| 08 September 2016
A group of European scientists are developing a surveillance camera harnessing new photonics technology that will dramatically reduce coastal rescue times in low visibility conditions, target Greenhouse gasses and keep us safer on the Underground.
The camera, measuring the size of a shoebox, uses Multi Spectral Imaging, a process that captures the same image at different frequencies from the electromagnetic spectrum.
Certain combinations of multi spectral images can reveal information that humans cannot see, such as invisible, poisonous or Greenhouse gasses, or fire sources through dense fog, providing an unrivalled level of surveillance.
Current MSI cameras are unsuitable for moving objects or real-time observation because they are not ‘snapshot’ devices and use a filter wheel that needs to be rotated. They contain sensors which use technology that needs to be cooled to work, meaning the equipment is bulky.
Weighing less than 2kg, the breakthrough device deploys the latest photonic sensing technology, featuring a multi-aperture, multi sensor camera capable of capturing several wavelengths simultaneously in one place.
With the World Health Organisation estimating in 2014 that nearly 600,000 deaths are a result of air pollution in Europe, and with monitoring of civil infrastructures being an important area for video surveillance equipment and services in the future, this device looks set to play a key role in high-tech safety and security.
Coordinated in Spain, the SEERS, or ‘Snapshot spectral imager for IR surveillance’, project has received a grant of €3,750,535 from Horizon 2020 via the Photonics Public Private Partnership. Project coordinator, Anton Garcia-Diaz explains:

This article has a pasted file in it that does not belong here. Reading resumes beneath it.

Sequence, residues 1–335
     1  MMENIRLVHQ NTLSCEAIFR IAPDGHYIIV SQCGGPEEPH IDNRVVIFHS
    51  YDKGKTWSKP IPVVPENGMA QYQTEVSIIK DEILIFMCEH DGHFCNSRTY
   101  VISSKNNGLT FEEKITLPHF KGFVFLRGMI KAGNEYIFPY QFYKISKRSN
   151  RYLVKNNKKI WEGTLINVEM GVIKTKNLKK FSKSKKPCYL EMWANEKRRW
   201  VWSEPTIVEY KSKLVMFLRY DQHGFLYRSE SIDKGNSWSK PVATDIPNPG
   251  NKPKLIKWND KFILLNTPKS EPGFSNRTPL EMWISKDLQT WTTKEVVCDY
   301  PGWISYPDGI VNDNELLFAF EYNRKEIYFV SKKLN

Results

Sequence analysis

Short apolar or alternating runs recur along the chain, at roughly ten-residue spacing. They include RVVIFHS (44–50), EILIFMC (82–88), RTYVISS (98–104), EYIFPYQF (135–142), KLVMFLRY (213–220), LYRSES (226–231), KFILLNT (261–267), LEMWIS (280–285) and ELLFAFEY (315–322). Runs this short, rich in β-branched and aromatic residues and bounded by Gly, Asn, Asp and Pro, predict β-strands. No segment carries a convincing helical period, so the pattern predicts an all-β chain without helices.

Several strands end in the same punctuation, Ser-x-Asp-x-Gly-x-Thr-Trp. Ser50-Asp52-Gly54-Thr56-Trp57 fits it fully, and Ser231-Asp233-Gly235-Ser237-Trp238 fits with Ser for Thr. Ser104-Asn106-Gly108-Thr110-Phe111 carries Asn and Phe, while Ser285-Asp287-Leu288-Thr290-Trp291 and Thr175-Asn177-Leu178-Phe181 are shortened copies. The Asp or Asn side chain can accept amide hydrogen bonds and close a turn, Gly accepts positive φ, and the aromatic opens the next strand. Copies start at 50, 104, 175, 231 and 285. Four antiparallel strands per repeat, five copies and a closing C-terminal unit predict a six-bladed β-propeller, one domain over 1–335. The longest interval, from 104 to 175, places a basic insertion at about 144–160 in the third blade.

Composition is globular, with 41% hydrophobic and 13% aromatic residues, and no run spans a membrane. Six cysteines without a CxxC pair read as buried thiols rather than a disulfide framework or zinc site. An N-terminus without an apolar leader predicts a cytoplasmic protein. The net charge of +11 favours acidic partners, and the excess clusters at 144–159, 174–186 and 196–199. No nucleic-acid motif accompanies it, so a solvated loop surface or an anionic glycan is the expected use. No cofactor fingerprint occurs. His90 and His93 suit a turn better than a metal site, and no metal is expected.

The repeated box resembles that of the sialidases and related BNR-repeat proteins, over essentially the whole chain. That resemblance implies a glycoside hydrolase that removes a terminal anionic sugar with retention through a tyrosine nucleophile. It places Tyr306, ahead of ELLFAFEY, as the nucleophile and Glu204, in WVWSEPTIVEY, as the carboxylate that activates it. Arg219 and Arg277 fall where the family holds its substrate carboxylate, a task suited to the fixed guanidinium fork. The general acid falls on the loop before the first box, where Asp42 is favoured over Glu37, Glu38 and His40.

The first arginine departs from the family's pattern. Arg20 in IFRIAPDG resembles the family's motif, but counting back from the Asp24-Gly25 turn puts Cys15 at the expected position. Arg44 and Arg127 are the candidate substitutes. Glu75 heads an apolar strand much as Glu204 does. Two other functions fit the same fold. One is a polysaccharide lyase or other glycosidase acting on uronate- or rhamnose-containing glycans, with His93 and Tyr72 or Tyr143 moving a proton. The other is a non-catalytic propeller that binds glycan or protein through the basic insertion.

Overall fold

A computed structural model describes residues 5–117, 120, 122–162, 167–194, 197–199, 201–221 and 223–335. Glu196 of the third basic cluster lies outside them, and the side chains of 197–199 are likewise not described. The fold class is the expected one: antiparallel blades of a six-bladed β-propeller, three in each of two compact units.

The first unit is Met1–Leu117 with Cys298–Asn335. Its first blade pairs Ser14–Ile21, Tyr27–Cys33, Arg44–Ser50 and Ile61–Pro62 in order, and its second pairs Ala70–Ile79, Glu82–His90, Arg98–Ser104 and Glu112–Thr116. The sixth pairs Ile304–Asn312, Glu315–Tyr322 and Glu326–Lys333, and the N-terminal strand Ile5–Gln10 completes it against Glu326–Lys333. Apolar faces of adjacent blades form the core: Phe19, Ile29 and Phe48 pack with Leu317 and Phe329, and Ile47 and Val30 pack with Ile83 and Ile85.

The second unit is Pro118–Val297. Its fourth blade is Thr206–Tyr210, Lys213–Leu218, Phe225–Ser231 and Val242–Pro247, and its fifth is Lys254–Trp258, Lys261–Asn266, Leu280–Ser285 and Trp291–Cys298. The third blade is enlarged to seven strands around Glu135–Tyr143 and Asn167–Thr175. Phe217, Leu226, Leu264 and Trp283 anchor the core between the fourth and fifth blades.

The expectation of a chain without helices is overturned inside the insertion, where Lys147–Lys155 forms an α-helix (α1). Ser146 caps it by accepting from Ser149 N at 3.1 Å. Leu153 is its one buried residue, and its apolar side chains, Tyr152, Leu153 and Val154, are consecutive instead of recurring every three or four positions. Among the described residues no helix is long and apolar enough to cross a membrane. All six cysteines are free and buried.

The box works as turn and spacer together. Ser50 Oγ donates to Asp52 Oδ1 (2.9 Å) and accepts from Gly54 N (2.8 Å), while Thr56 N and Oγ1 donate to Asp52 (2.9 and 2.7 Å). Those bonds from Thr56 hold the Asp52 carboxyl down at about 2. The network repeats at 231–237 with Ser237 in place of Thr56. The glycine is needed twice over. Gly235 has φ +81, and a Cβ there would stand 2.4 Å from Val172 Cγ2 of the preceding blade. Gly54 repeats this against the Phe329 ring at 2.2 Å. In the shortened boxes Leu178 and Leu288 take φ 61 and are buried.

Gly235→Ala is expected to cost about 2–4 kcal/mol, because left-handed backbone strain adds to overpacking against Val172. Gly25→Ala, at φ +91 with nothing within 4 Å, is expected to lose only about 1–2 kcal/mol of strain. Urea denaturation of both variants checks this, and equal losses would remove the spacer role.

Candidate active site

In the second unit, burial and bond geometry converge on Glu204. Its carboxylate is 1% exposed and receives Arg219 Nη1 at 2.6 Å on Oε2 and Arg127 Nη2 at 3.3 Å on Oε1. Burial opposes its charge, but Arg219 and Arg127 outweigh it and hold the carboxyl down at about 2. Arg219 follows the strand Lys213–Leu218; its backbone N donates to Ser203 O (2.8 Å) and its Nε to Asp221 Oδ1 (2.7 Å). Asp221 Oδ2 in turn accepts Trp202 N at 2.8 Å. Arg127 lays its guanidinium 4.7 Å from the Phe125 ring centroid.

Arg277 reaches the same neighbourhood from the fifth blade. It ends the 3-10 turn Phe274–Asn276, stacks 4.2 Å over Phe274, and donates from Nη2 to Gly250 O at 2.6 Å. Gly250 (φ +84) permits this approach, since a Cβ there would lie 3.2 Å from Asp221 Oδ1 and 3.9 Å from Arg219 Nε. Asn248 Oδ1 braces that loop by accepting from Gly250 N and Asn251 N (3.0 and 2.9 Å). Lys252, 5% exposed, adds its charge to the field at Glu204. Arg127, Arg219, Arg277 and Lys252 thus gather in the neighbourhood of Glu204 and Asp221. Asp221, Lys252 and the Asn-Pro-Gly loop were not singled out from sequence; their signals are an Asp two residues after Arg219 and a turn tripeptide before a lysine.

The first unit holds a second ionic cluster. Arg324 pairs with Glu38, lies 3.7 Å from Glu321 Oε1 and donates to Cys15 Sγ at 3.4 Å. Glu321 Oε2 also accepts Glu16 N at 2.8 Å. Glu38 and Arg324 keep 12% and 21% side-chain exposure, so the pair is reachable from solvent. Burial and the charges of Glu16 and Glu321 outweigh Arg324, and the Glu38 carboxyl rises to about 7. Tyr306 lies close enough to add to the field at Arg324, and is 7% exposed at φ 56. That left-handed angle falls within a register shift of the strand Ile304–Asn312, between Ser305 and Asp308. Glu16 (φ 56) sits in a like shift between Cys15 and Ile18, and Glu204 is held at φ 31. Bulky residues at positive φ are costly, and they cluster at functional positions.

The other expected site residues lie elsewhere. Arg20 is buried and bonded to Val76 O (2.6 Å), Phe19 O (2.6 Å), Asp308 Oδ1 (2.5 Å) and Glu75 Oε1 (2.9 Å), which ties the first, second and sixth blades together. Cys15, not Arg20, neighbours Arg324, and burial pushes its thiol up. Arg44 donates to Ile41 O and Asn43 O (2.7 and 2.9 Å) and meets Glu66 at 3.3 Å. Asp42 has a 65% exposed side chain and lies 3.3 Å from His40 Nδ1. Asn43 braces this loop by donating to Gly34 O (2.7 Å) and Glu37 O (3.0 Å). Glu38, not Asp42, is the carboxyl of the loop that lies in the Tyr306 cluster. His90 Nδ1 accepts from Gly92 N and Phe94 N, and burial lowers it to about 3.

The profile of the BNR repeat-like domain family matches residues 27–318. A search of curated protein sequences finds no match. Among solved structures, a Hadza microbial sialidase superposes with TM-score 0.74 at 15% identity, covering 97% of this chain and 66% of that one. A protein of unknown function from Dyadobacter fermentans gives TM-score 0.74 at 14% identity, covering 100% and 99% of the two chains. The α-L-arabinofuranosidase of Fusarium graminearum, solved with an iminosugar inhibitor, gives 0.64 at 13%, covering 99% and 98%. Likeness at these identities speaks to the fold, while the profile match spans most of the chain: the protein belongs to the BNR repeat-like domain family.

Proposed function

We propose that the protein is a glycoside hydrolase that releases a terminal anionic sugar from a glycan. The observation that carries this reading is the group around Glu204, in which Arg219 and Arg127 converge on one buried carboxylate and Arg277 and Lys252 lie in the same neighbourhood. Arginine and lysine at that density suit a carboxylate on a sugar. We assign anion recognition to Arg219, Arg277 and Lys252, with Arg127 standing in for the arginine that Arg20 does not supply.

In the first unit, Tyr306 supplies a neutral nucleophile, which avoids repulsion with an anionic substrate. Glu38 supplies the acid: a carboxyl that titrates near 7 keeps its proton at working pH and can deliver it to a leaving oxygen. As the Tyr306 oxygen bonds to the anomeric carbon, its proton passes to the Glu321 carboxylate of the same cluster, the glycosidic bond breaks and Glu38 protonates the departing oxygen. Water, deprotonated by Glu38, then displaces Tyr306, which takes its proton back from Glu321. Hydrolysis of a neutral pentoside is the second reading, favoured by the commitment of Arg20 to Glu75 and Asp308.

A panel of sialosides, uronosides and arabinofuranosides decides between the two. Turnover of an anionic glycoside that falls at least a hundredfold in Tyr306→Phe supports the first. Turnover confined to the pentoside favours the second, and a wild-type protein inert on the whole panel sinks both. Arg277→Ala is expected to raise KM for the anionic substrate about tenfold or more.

“The SEERS device is equipped with integrated computational imaging. It has no need for cooling and can process the images in real-time, meaning key parts of processing are embedded within the device.”
This is not just good news for coastal and traffic surveillance but also the implications for the future of safety in tunnels and the Underground tube train network are exciting.
"Accidents in tunnels, while rare, are extremely serious when they do happen. Responding quickly and in a targeted manner is vital. We expect rescue and response times will be cut significantly with the SEERS camera", Garcia-Diaz said.
Based on CMOS compatible FPA manufacturing technology means it is much cheaper than alternative IR technology. A commercial monochromatic camera working in the mid infra-red range of 3-5 µm wavelengths is a bulky, cooled device that costs anything over €70,000.
“Few imaging systems exist with the capability to identify gases, but even they can cost over €100,000. The SEERS project aims to deliver MSI technology in an extended infra-red domain at under €40,000 with improved persistence and gas identification capabilities”, said Garcia-Diaz.